Passion Projects

Local children’s book authors pursue their passion for kids

Photos by Christopher Tierney

 

“Build a Better Community.” These words are displayed all over Sump Memorial Library in Papillion. That is exactly what Omaha local authors Stacey and Phil Haussler, Kathy Rygg, and Bruce Arant are doing.

Bruce Arant is the author and illustrator of Simpson’s Sheep Won’t go to Sleep. But Bruce hasn’t always been a book author. Illustrating books was always his passion. “I remember sitting at my drawing board in 1993 and thinking I didn’t want to grow old and never have tried illustrating books,” he said. “But there was no road map to get me here.” In need of an art portfolio, a book was created.

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Bruce admits that the first book idea came within three hours and from a design on a baby blanket. “After being rejected by many publishers, my agent sent a black and white copy to another publisher and that one got picked up,” he added. In 2014, Bruce won the Nebraska Book Award for best children’s book and best illustration, and was a Golden Sower nominee in 2015 and 2016. This fall Bruce’s second book Simpson’s Sheep Just Want to Sleep will be released, which he said was a labor of love. “I had 90 pages of drafts for a 530-word book.”

Your brain is sometimes referred to as “your marbles,” and to ignite means to spark. That is how Phil and Stacey Haussler created the name for their local publishing company, MarbleSpark. With titles that include Following Featherbottom; Twas the Mouse Who Saved Christmas; God Whispered Your Name and Every Hero Needs a Sidekick, these books all have something in common, in that they are all customized. When Phil and Stacey were expecting their first child they began to realize that a unique name spelling would make it hard to find personalized items. The idea of a personalized book evolved.

Much more than name spellings, the couple’s books offer more than 240 variations, including a character’s hair and skin color and the places they visit throughout the story. Because each book is different, each order is printed on demand digitally. MarbleSpark’s most recent creation is Project OpenBook, a community created book that invites authors to submit stories, illustrations and poems. “Sort of a Shel Silvertstein meets Mosh Pit is often what comes to mind behind this book,” Stacey explained. Proceeds from this book are being given to charity as a way to give back to the community.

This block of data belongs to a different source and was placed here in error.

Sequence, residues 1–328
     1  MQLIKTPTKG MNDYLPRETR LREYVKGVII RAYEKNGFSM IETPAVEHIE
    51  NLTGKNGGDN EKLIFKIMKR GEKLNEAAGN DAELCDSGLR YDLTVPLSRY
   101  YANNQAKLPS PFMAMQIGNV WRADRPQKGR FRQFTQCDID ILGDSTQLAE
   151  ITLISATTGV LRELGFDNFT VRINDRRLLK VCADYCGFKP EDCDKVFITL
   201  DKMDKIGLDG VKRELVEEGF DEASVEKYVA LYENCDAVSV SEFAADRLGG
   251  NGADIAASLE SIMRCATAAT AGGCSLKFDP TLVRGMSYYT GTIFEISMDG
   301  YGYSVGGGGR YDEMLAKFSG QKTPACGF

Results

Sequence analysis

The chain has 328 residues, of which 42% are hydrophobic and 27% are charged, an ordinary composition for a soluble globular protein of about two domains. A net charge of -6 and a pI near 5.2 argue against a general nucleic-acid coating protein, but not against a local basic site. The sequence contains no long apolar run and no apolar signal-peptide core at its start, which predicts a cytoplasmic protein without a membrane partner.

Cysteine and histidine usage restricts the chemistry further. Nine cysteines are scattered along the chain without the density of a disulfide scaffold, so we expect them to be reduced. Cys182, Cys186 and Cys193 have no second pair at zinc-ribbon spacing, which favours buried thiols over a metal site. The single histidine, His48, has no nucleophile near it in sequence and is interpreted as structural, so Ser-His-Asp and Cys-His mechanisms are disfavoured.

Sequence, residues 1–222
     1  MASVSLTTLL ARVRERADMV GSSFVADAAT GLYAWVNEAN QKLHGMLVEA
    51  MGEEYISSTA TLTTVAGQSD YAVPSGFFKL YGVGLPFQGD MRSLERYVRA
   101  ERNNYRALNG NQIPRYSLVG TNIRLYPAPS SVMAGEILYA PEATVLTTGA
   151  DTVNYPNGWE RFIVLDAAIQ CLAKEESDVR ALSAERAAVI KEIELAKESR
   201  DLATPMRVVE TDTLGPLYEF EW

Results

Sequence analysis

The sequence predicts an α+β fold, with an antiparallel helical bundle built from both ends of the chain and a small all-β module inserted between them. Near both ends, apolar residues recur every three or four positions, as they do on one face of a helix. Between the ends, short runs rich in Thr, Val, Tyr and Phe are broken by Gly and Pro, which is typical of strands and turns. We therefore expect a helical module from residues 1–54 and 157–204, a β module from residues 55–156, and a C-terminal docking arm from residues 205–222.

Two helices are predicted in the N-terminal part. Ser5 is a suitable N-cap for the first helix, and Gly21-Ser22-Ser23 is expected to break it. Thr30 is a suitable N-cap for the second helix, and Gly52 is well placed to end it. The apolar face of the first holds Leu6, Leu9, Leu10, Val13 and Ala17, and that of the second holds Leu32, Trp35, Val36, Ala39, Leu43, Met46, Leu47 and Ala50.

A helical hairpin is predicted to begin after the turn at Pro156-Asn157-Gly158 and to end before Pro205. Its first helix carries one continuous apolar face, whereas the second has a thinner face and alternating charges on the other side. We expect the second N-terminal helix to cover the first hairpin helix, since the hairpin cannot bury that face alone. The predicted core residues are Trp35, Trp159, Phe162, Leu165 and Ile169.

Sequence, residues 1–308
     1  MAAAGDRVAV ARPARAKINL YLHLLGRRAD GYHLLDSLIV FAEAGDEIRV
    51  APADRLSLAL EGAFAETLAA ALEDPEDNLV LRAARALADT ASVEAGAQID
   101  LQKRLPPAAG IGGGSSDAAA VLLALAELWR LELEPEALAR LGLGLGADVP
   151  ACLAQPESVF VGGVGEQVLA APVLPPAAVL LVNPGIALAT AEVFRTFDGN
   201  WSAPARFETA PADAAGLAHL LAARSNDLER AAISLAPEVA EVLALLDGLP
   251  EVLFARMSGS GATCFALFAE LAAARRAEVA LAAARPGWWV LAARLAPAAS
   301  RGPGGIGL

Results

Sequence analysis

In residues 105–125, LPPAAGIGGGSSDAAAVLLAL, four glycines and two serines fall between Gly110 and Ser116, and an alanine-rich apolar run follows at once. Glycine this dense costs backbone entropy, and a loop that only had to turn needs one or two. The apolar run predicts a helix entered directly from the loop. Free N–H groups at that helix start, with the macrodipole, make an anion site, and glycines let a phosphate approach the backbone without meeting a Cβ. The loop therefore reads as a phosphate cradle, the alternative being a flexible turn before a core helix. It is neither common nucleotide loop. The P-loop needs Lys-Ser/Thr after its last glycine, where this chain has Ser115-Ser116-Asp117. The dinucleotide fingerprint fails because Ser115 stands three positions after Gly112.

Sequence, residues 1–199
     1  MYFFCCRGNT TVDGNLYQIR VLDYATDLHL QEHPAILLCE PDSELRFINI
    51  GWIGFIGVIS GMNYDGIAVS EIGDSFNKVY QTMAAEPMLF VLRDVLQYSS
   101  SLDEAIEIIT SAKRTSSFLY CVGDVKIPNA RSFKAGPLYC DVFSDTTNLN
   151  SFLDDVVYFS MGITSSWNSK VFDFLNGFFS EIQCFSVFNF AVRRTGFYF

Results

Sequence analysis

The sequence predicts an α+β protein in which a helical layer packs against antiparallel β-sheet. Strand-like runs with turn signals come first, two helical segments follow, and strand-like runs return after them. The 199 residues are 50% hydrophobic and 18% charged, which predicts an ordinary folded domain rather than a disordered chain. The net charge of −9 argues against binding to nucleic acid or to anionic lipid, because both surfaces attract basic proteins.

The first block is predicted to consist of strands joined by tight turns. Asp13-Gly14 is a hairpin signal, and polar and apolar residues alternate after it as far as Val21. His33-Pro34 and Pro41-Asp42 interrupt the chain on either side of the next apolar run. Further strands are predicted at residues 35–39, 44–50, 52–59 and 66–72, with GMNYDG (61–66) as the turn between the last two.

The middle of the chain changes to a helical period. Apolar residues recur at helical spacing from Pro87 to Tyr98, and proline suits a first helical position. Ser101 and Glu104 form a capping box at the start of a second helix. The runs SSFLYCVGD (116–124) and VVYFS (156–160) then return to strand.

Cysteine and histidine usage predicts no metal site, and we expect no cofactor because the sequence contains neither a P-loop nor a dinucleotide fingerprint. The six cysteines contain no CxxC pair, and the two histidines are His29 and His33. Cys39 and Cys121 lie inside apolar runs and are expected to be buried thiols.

Local author Kathy Rygg began writing children’s books when her son asked her to write one. “Writing has always been my passion, and my kids have been a great inspiration,” she said. Tall Tales with Mr. K and Taller Tales with Mr. K are chapter books for beginning readers; Animal Andy is for young middle graders; and her geocaching adventure series The Crystal Cache is for middle graders. All of Kathy’s books are magical realism because that was her favorite genre to read as a child. Published by Knowonder, Kathy’s books are also available in an easy to read DyslexiAssist format that uses special spacing and fonts to allow children who struggle with reading to still engage in the book.

Each local author has a different approach to getting their name out there. Bruce visits schools and festivals. He is also involved in workshops with children. Phil and Stacey have their personalized books in Pottery Barn Kids and you might recognize their brand from the recent 2017 Cox Business Get Started Omaha competition where they were one of six finalists. Kathy’s geocaching books are featured at Groundspeak’s geocaching headquarters in Seattle and on the
geocaching.com web site.

Local bookstores such as The Bookworm are big supporters of local authors, often hosting book signings, which is one of the best ways to connect with them. “Interacting with the kids is the best part of writing,” Bruce said. And while each author admits there is a place for eBooks, the consensus is that there is nothing quite like a child holding a beautifully illustrated, engaging book. Stacey added, “There’s something magical about the bond made between a caregiver and a child when they read a book together.”

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